Wet Season Outlook Calls for “Some” Drought Recovery

November 18, 2013, 1:24 PM HST · Updated November 18, 1:35 PM
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Areas prone to flooding began ponding as a heavy line of showers began making its way across Maui this afternoon. Photo by Wendy Osher.

Kahului, Maui. File photo by Wendy Osher.

By Wendy Osher

The wet season outlook for Maui County calls for some drought recovery, according to a forecast released by the National Weather Service for the period from October 2013 to April 2014.

The outlook, prepared by NOAA Senior Hydrologist Kevin Kodama, says that while “some recovery is expected,” a “full recovery may not occur due to the intensity and longevity of existing drought conditions.”

During the dry season, which ran from May to September, 2013, forecasters said many sites “from Kauaʻi to Maui  had near to above average rainfall totals, but the Big Island was dry overall, especially in the leeward areas.

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In Maui County, forecasters said “Severe drought” (D2 category) to “Extreme drought” expanded from the Kīhei area into the Upcountry section of the island during the dry season.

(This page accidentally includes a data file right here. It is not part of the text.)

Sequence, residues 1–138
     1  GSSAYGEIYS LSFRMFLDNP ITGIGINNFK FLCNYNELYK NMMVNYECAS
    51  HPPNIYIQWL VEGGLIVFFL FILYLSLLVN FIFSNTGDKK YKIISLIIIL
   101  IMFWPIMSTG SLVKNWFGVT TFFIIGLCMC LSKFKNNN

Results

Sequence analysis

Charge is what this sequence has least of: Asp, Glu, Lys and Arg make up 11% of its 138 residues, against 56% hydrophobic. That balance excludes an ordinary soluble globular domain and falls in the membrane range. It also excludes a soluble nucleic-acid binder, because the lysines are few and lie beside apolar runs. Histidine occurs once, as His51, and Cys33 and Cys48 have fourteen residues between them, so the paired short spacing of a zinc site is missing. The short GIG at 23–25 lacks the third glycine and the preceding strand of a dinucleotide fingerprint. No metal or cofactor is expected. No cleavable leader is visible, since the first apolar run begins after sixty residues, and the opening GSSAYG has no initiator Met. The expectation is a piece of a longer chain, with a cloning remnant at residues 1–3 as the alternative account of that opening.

A 20% voluntary water restriction for Upcountry residents was implemented on Oct. 30, but lifted just two weeks later on Nov. 13, 2013, when recent rains brought reservoirs back to safe levels.

Those rains included a record rainfall set in Kahului on Sunday, Nov. 10, with more than 3.5 inches of rain reported over a 24-hour period in Kahului, sinking the old record of 1.78 inches set in 1955, compared to the same date in previous years.

The National Oceanic and Atmospheric Administration’s Climate Prediction Center reported ENSO-neutral, neither El Nino or La Nina conditions, present for over a year, with similar conditions expected to persist into the spring of 2014.

The west season outlook calls for near to above average rainfall through early 2014, with “long-range probabilities,” that suggest an early start to the 2014 dry season.

In preparation for the wet season, the National Weather Service and NOAA issued the following reminders:

  • Do not drive on roads with fast-flowing water or cross flooded streams
  • Clean gutters and drainage ditches
  • If you live in a flood-prone area, identify your evacuation routes ahead of time
  • Plan for more rainy weather impacts
    • Increased road travel times or possible detours due to flooding
    • Outdoor activities may be postponed, canceled, or adjusted
  • The wet season always brings increased potential for lightning strikes
    • Be prepared for power outages
    • Move indoors during a thunderstorm
  • Monitor media, NOAA Weather Radio, and internet sources for changes in weather conditions
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